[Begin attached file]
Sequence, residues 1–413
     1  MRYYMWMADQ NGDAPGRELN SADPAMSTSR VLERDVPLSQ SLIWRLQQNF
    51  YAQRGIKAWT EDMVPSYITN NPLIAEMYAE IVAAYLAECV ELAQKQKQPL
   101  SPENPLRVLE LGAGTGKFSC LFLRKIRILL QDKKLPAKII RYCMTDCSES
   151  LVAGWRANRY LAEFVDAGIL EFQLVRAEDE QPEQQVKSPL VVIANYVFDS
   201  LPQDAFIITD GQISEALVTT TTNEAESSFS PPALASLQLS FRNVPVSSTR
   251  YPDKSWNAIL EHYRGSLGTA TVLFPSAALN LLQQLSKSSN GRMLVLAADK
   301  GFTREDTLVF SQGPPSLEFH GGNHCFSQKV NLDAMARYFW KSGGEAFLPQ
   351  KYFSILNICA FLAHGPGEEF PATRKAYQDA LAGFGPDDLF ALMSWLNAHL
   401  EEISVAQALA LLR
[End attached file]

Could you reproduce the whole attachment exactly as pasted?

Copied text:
Sequence, residues 1–413
     1  MRYYMWMADQ NGDAPGRELN SADPAMSTSR VLERDVPLSQ SLIWRLQQNF
    51  YAQRGIKAWT EDMVPSYITN NPLIAEMYAE IVAAYLAECV ELAQKQKQPL
   101  SPENPLRVLE LGAGTGKFSC LFLRKIRILL QDKKLPAKII RYCMTDCSES
   151  LVAGWRANRY LAEFVDAGIL EFQLVRAEDE QPEQQVKSPL VVIANYVFDS
   201  LPQDAFIITD GQISEALVTT TTNEAESSFS PPALASLQLS FRNVPVSSTR
   251  YPDKSWNAIL EHYRGSLGTA TVLFPSAALN LLQQLSKSSN GRMLVLAADK
   301  GFTREDTLVF SQGPPSLEFH GGNHCFSQKV NLDAMARYFW KSGGEAFLPQ
   351  KYFSILNICA FLAHGPGEEF PATRKAYQDA LAGFGPDDLF ALMSWLNAHL
   401  EEISVAQALA LLR